A Brain Study May Lead to Improved Epilepsy Treatments
Using a rodent model of epilepsy, researchers found one of the body's own neurotransmitters released during seizures turns on a signaling pathway in the brain that increases production of a protein that could reduce medication entry into the brain.
Akinso: A brain study may lead to improved epilepsy treatments.
Miller: We're interested in increasing the efficacy of central nervous system acting drugs in epilepsy.
Akinso: Dr. David Miller is the Principal Investigator in the Laboratory of Pharmacology at the National Institute of Environmental Health Sciences. He explains that there are two problems with epilepsy drugs:
Miller: One is variable responses by patients to these drugs. So physicians will often have to change drugs in the course of therapy and second problem is 30 percent of epileptics don't respond to any of the drugs and that makes it very difficult.
Akinso: Because the drugs only work sometimes with some people, Dr. Miller asked the question-what is it about the way the brain works?
Miller: And one of the theories that have been in the literature for a long time is that it's the blood brain barrier preventing these drugs from getting from the blood into the central nervous system.
Akinso: The blood-brain barrier, which resides in brain capillaries, is a limiting factor in treatment of many central nervous system disorders. It is altered in epilepsy so that it no longer permits free passage of administered antiepileptic drugs into the brain. Using a rodent model of epilepsy, researchers found one of the body's own neurotransmitters released during seizures turns on a signaling pathway in the brain that increases production of a protein that could reduce medication entry into the brain. Dr. Miller said their work identifies the way seizures increase production of a drug-transport protein in the blood brain barrier.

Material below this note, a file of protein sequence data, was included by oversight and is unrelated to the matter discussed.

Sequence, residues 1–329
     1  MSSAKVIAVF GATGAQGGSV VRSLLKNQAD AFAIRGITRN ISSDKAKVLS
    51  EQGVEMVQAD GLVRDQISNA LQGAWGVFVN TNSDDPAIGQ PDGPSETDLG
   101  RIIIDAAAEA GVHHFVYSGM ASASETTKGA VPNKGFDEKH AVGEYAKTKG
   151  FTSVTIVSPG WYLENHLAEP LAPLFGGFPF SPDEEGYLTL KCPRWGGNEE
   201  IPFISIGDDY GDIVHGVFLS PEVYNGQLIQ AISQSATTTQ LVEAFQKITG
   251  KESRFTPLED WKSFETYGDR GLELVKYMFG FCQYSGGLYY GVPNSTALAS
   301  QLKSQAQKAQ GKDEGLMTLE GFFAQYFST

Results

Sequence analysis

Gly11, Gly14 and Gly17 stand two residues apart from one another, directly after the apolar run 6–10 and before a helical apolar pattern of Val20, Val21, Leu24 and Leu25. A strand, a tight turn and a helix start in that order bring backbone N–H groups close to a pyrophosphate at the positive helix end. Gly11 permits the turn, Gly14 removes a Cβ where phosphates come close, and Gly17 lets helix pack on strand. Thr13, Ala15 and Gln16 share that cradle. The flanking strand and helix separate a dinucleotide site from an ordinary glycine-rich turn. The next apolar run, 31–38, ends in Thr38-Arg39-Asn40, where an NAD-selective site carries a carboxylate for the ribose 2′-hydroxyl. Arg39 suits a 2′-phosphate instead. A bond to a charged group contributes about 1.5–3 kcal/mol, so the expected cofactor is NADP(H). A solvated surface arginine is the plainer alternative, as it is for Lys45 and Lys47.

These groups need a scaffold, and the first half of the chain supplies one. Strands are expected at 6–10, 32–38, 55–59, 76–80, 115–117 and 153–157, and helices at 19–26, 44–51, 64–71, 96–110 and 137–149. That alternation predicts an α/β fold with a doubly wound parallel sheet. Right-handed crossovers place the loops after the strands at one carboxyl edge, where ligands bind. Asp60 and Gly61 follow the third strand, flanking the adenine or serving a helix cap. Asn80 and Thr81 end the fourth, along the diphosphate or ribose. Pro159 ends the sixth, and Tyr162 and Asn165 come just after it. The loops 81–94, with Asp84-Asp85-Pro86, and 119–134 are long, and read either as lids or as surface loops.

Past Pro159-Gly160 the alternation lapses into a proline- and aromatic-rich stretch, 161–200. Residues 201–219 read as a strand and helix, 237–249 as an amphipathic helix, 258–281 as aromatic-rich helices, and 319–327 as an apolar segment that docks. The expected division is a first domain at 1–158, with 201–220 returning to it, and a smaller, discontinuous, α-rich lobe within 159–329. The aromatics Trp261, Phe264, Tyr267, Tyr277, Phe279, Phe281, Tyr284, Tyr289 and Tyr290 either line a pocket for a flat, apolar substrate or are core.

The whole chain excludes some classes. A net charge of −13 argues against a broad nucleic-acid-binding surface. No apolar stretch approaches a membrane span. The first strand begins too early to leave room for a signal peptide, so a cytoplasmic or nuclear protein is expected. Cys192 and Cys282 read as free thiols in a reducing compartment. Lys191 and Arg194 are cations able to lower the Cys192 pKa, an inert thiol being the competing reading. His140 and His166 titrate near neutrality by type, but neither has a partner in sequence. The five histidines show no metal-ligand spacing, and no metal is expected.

Miller: Within the blood-brain barrier, there are these transporters, the major one being P-glycoprotein and they basically kick drugs back into the circulation and don't permit them to get into the central nervous system. So the hypothesis we tested was that if you could manipulate P-glycoprotein expression in the blood-brain barrier you could improve pharmacal therapy for epilepsy patients.
Akinso: Dr. Miller said targeting blood-brain barrier signals that increase P-glycoprotein expression suggests a promising way to improve the effectiveness of drugs that are used to treat epilepsy, though more research is needed before new therapies can be developed.
Miller: This is a new way of looking at pharmacal therapy. What we're doing basically is using the blood-brain barrier's own signaling system to repress changes that make it harder for the drugs to get in. In essence what we have is some sort of combination therapy we're proposing. One that hits the signaling system and the second one that goes into the brain after the signaling system is hit and gets into the targets in the neurons, which is where the antiepileptic drugs are working.
Akinso: He added that these findings provide insight into one mechanism that underlies drug resistance in epilepsy and possibly other central nervous system disorders. This is Wally Akinso at the National Institutes of Health, Bethesda, Maryland.
About This Audio Report
Reporter: Wally Akinso
Sound Bite: David Miller